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When Life is a Marathon, Carbo Load

by Marge Perry on May 12, 2013

Sometimes life bubbles up all around you, like the head of foam on a nice egg cream or cold beer. Lovely, unless your bubbles keep growing and you have to stand on tiptoes in the glass in order to keep your brain free and clear. And then you take your pen and gently poke each and every bubble, enjoying the nice little exhalation of joy they give as they enter the atmosphere where met deadlines and obligations gather.

Soon your arms grow weary and you wish you could take a nap, or at least sit down for an hour or two. But you can’t: you have knowingly engaged in a foamy bubble-popping marathon. And you are not a quitter, and you don’t miss your dates, so the only solution you can think of is to fuel yourself up for the race against the rising foam.

For this, you must consume soothing, endurance-inducing pasta, and it must taste like spring to remind you how breathtakingly lovely the magenta azaleas are; how luscious the sweet lilacs smell; how comical and cute the new born bunnies hopping through the grass look. Re-fueled and re-newed, you will thrive on your work but quietly count the days until your escape with your husband, the first trip for just the two of you in ever-so-long.

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Spinach and Pepita Pesto on Linguine

Many grocery stores now sell shelled pepita, aka pumpkin seeds, but you can substitute many other seeds and nuts, uncluding pine nuts, almonds, and even shelled sunflower seeds.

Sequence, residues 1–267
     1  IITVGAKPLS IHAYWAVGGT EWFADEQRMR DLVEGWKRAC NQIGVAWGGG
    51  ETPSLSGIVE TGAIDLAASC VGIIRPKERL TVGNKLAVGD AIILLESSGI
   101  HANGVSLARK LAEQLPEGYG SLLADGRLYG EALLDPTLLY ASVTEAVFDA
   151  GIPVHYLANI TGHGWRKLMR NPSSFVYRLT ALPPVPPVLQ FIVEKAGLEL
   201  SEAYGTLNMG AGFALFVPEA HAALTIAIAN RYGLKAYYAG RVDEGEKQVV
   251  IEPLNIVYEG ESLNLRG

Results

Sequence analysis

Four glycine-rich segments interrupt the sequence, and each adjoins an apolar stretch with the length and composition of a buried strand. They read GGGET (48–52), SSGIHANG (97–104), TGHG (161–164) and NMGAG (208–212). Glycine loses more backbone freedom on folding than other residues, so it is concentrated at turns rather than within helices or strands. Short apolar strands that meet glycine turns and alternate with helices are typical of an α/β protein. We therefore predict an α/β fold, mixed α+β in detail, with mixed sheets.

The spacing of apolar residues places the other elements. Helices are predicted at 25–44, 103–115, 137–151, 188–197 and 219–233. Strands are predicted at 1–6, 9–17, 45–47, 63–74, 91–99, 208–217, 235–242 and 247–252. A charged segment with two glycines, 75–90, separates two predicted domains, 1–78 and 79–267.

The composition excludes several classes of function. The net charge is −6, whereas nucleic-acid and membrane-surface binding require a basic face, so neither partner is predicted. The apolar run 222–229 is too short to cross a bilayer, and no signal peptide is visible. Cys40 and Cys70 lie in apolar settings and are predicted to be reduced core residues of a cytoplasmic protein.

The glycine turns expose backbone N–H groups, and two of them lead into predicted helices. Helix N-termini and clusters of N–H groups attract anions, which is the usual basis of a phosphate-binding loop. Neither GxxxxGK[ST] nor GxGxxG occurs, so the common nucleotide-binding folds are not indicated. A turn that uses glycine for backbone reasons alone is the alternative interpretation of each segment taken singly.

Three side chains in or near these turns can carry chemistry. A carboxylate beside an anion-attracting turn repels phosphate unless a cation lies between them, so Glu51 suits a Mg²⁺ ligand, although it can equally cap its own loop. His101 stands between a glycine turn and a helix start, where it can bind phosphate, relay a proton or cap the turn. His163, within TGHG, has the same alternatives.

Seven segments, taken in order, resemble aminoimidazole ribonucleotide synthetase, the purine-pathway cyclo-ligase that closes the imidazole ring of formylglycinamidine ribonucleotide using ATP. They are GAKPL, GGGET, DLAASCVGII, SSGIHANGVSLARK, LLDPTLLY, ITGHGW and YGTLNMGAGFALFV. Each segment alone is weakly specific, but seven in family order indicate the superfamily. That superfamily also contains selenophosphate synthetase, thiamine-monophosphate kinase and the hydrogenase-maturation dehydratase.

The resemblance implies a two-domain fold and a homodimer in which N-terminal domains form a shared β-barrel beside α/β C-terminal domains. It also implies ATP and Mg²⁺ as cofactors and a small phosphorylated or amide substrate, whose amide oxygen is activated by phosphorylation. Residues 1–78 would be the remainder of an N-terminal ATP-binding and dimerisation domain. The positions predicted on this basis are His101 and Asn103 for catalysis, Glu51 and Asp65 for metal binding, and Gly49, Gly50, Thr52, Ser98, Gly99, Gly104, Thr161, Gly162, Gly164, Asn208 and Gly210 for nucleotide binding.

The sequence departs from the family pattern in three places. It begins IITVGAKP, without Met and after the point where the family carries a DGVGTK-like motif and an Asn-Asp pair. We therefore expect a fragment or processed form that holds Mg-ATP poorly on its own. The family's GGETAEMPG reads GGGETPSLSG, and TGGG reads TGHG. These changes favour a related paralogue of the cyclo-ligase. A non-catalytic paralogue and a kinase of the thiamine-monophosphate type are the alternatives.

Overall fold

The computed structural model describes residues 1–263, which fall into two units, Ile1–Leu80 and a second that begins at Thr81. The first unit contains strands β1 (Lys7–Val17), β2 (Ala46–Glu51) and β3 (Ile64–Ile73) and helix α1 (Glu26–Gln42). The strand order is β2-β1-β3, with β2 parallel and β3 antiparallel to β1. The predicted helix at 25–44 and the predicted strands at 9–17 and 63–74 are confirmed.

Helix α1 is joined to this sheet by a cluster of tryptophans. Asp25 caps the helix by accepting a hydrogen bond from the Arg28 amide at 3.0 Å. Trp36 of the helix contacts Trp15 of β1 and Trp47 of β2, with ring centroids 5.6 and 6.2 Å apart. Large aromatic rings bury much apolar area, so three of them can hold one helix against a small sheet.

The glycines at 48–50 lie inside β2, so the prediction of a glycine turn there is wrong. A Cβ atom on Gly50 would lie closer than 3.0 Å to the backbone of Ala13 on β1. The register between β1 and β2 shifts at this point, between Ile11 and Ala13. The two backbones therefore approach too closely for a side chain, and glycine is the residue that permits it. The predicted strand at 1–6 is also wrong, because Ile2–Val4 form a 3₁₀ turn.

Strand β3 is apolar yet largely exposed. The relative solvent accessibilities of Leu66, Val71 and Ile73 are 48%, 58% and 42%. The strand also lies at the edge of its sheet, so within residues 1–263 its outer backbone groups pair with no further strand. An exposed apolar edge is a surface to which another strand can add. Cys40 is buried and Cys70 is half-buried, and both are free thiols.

8 ounces linguine

1 10-ounce box frozen chopped spinach, thawed

1/3 cup shelled pepita (pumpkin seeds)

2 tablespoons lime juice

1/3 cup basil leaves

¼ cup cilantro leaves

½ teaspoon salt

3 tablespoons extra virgin olive oil

¼ cup grated pecorino Romano

  1. Cook the pasta in plenty of lightly salted boiling water until al dente. When the pasta is cooked, scoop out ¼ cup of the cooking water and set aside. Drain the pasta.
  2. Meanwhile, make the pesto: squeeze the spinach dry and place in a food processor along with the pepita, lime juice, basil, cilantro and salt; process until smooth. With the machine running, add the olive oil; process until it is fully incorporated. Stir in the reserved pasta cooking water.
  3. Scoop out ½ cup of the pesto; transfer to a freezer-proof container and freeze for up to 2 months.
  4. Toss the remaining sauce with the linguine and cheese. If pasta is not going to be served immediately, stir in 1 tablespoon of additional olive oil or water to loosen the sauce.

Makes 4 servings (with enough freezable pesto left for another 4 servings later)

Nutritional analysis for each serving: 350 calories, 14 g protein, 46 g carbohydrates, 3 g fiber, 13 g fat, 3 g saturated fat, 241 mg sodium

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